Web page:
9 Jun 2010

Exercise: Control the strength of a colour

This exercise required 5 photographs taken with varying exposures of a block of strong colour showing the effect that changes in exposure have on the colour.  The task asks for shots to be taken at ½ stop intervals of increasing light and since my camera defaults to ⅓ stop settings I went into the custom menu settings to change this.  I also shot a couple of extra images at +/- 1½ for a better look at the effects.

Starting at -1½ stops the images go through the correct exposure to +1½ stops.

-1½ stops
 -1 stop

 -½ stop

OE (On Exposure)

+½ stop

+1 stop

+1½ stops

The shots shows a nice combination of textures and colour as well as shadowed and sunlit areas that allow us to notice the difference direct sunlight has on the shots.  The camera has done an excellent job of evaluating the correct exposure for the OE shot, despite the differences in light quality.  Our brief mentions the obvious difference that the changes of exposure have on the brightness of the images so I will restrict my comments to the changes in colour.

The first and most obvious difference is the change to the saturation of the colours.  The more underexposed the shot the more saturated the colours look and as the images move to over exposure the colours become more washed out and bleached.  I can measure the difference by using the eye dropper in Photoshop and take an RGB reading from the photographs.  The sunlit green goes from 70 at -1½ stops through 130 at OE to 160 at +1½ stop.  Visually this change can be seen as a move from a deep and luxuriously dark green to a delicate and pale green.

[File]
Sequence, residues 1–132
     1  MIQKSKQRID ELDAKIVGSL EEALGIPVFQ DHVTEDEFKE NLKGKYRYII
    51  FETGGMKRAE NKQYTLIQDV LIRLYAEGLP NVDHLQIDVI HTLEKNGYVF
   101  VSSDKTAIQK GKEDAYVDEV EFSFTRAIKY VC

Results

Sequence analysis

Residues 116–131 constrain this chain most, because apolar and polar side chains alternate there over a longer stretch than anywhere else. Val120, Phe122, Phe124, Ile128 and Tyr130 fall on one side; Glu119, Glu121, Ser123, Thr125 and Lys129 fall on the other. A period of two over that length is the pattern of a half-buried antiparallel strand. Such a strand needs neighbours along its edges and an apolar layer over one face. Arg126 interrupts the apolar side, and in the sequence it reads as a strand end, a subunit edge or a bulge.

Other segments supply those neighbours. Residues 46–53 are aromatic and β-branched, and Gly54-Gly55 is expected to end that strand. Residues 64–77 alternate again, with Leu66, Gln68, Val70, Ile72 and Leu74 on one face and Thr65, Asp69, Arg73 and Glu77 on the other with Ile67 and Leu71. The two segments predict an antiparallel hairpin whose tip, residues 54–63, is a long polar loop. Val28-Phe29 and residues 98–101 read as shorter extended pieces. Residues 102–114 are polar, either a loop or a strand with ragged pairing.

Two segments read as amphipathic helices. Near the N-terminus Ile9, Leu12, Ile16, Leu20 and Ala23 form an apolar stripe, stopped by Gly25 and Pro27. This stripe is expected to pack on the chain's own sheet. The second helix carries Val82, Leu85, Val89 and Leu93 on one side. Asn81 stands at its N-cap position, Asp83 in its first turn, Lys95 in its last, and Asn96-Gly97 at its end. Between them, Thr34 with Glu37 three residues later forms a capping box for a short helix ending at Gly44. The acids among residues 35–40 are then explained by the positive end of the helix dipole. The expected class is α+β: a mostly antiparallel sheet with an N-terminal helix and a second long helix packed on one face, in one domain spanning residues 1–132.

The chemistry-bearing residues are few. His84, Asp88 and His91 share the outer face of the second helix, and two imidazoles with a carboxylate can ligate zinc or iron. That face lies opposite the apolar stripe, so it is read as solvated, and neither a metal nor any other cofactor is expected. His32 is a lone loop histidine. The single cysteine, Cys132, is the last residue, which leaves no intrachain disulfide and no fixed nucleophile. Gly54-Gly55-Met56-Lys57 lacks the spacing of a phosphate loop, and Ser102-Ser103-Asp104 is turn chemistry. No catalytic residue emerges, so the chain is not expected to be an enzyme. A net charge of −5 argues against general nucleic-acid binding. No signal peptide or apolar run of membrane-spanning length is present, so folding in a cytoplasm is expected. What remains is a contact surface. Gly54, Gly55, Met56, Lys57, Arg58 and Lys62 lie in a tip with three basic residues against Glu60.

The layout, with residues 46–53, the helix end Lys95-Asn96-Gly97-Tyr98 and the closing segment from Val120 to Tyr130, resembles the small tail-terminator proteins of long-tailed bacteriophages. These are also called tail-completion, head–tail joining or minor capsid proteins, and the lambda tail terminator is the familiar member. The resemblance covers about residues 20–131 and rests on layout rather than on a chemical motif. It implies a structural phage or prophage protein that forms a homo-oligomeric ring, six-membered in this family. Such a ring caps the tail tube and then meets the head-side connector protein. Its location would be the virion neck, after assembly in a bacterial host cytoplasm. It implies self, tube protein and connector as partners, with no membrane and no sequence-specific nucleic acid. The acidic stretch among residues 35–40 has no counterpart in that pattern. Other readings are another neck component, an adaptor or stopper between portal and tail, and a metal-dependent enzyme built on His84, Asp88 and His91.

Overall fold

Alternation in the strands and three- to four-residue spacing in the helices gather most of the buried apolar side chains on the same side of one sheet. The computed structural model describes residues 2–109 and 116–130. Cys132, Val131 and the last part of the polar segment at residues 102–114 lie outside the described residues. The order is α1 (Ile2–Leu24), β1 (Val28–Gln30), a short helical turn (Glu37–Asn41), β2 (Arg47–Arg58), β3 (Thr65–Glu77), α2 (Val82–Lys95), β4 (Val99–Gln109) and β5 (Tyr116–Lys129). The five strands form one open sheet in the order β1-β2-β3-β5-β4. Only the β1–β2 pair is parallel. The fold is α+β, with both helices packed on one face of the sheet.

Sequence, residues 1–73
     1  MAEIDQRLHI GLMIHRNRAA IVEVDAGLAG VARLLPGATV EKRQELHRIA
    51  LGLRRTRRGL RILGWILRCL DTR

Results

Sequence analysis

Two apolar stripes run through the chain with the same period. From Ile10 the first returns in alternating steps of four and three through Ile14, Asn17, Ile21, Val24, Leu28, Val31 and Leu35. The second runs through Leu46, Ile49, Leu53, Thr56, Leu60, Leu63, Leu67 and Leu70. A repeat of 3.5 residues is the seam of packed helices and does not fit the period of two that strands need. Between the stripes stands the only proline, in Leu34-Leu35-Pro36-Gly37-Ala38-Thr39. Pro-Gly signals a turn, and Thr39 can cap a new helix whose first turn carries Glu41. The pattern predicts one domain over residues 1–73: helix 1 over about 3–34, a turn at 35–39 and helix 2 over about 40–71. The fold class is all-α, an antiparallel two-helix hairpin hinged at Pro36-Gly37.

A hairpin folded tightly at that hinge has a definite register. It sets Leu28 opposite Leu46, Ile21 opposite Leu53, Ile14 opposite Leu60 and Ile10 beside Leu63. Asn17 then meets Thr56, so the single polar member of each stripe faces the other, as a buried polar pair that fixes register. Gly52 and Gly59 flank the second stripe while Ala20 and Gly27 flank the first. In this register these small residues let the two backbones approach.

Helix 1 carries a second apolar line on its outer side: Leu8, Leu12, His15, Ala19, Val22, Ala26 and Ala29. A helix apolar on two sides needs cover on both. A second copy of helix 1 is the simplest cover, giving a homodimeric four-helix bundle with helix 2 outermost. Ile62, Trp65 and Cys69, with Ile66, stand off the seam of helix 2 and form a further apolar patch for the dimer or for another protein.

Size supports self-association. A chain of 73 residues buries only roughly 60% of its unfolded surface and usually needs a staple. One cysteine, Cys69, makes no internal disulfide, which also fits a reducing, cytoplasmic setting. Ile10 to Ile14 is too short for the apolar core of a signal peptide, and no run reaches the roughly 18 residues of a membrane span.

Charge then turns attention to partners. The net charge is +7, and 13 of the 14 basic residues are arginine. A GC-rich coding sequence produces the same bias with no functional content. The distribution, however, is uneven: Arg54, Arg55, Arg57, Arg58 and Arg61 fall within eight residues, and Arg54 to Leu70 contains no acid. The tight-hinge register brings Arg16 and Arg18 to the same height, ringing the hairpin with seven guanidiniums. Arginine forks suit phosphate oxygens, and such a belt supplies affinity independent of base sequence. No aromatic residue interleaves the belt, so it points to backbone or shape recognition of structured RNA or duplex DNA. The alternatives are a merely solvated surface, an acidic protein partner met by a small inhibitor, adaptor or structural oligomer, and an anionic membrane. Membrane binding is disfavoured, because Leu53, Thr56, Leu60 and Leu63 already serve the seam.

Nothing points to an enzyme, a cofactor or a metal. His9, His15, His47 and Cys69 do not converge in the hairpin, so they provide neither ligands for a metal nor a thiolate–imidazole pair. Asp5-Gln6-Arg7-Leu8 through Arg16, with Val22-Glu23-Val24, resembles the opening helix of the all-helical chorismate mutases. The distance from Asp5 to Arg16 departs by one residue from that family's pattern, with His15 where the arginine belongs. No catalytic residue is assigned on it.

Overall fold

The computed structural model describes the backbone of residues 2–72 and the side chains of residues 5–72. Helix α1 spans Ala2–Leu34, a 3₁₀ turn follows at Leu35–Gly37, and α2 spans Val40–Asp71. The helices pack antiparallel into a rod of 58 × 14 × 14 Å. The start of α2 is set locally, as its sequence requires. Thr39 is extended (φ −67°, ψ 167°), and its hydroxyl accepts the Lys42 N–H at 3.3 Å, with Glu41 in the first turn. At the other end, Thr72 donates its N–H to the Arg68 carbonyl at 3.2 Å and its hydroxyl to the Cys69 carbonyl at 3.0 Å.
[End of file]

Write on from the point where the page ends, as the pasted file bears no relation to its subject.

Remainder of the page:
The exposure had made differences to the actual colour, as well as it's saturation.  Take the photos to a paint mixer and you would end up with completely different paint mixes to match each photo.  The shades of green also vary considerably within each photo depending on the quality of the light falling on different sections and the amount of light reflection that occurs with the different angels we can see.

From a personal point of view I have always liked the quality of slide film and in particular the E6 film, Fuji Velvia.  This film always had great colour saturation and using it over the years I got into the habit of shooting at -½ stops to enhance that look of strong, well saturated colours.  I still tend to shoot at -½ stop, particularly on a bright day when direct sunlight can rob the colour from a scene, partly to keep the colour saturation high but also to prevent accidental overexposure of bright areas.  I find it a lot easier to bring up underexposed areas of an image in Photoshop that attempt to recover detail from a blown patch.

No comments:

Post a Comment